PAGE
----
Preventable travel risks; theft and violence?

In the wake of the tragic death of a British man in Argentina [1], killed during a robbery outside his hotel, a considerable number of articles relating to this incident and travel risk have been shared and commented upon across social media, especially LinkedIn.  Shortly afterwards, another article was posted in which a similar occurrence happened to American tourists in Chile [2], but without the fatalities.

In the last few weeks we have been reviewing the content for some custom courses we have been preparing for clients and the following lines stood out in relation to the news above:

  • Packing/Clothes: Avoid clothes, accessories and jewellery (even if fake) that make you stand out or appear wealthy.
  • Airport arrival, meet & greet: Insist that no more than your surname is on this sign – be discreet. [referring to your driver’s welcome sign, if you have pre-booked a driver]
  • Rules of reaction/Be a survivor: Nothing is worth being seriously injured or killed. If there is a direct threat to your life comply with all demands…

Successfully criminal tactics can spread quickly around the globe and the two robberies mentioned are remarkably similarly – target selection starting at airport arrivals and high-end watches being the desired loot.  Do your travellers know the 50 words of advice above?

Safe travel isn’t a black art; you just need to think how you might pass through a less salubrious neighbourhood of the city you live or work in and apply those principles when you are abroad.  If you don’t draw attention to yourself through what you are wearing, displaying or how you are behaving, whilst remaining aware of your surroundings, chances are that you will not be a victim of crime.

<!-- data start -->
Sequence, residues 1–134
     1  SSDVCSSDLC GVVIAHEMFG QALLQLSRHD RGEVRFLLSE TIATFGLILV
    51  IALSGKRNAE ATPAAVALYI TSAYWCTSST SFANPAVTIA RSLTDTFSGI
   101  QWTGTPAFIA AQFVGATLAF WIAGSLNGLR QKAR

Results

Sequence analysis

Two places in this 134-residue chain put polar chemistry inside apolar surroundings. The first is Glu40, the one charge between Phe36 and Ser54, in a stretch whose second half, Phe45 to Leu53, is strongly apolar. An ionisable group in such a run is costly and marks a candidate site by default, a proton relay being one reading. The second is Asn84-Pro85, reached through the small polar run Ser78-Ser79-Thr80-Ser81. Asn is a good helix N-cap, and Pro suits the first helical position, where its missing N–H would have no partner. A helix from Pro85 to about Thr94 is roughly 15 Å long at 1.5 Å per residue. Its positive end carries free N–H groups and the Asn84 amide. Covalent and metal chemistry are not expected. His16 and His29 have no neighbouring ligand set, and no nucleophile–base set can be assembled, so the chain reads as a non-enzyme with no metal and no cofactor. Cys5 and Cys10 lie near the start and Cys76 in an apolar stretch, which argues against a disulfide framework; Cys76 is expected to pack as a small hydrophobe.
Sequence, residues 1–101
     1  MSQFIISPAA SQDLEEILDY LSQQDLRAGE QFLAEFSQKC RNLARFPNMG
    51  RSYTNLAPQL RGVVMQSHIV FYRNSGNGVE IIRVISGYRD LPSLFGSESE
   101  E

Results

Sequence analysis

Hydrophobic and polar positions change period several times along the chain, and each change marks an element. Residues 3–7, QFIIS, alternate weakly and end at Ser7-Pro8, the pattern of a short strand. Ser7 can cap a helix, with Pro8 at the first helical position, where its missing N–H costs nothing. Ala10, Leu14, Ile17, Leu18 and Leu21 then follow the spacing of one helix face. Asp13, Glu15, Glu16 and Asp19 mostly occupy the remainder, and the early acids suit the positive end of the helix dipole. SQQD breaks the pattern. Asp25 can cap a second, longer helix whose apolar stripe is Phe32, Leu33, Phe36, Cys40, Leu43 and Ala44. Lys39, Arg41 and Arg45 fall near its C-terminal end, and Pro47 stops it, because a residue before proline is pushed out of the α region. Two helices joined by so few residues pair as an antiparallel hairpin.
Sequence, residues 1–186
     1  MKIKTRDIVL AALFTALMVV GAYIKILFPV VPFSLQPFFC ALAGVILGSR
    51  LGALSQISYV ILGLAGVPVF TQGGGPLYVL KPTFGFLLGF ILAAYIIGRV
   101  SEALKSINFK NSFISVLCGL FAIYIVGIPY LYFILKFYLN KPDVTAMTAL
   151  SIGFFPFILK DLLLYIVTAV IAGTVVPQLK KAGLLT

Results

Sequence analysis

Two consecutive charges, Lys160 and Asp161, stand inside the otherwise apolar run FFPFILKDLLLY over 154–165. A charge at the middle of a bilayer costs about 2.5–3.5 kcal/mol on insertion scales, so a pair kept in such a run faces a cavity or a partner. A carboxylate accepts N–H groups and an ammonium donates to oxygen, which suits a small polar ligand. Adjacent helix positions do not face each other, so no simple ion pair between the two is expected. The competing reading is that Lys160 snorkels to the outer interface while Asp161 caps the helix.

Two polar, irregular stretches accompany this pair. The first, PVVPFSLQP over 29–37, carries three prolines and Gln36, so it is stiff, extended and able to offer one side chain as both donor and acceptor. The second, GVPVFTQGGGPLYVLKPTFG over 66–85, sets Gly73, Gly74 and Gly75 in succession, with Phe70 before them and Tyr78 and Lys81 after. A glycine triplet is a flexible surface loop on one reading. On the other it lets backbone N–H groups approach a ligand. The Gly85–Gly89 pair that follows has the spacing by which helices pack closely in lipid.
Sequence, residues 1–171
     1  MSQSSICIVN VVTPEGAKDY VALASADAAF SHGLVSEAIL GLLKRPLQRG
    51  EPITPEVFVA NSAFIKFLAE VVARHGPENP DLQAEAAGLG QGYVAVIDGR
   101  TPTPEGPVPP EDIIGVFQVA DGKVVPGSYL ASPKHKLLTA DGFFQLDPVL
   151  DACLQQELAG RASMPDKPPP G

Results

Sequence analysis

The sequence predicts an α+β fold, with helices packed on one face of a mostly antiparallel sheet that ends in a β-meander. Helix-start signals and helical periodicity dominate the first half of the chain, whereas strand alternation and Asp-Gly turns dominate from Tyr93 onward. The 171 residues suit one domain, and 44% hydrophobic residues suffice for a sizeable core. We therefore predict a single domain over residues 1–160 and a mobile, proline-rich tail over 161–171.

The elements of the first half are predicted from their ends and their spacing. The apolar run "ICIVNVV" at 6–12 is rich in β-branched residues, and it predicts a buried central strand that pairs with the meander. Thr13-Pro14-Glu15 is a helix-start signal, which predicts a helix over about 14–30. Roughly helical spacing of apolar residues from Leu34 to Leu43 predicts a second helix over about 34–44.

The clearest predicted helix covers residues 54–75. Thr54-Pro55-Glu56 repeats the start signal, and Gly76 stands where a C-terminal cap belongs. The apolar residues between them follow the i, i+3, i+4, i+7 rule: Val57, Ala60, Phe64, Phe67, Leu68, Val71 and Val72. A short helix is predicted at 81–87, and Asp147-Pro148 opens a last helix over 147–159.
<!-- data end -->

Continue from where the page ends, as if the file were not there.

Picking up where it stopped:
Extreme violence invariably gains a lot of column inches and makes us reassess our travel plans, however the statistics rarely back up the ‘irrational’ fear that the media generates.  One tragic story of the Christmas period concerned 3 family members who drowned in a pool on holiday in Spain.  We very rarely fear hotel swimming pools, but year on year they prove to be one of the biggest killers of travellers [3].

When assessing travel risks, don’t be put off by news reports; instead think what you might be able to do differently to prevent that happening to you or your travellers; remember that these incidents happen in the major ‘low risk’ cities too [4]. Many travel related incidents are preventable through preparation, behaviour and good situational awareness.  Situational awareness is also one of our key defences against accidents.  We don’t all have high-value items that can be stolen, but we all travel in vehicles and most of us use hotel pools when the opportunity arises.

How criminals target travellers, from our foundation Travel Wise course.

[3] The state department has comprehensive figures about US deaths abroad which includes drowning. (downloading figures between Jan 2017 and Jun 2019 there were 1875 deaths abroad including 298 deaths by drowning, only just eclipsed by homicide at 339 (vastly skewed by Mexico) and car accidents 321)

7 January 2020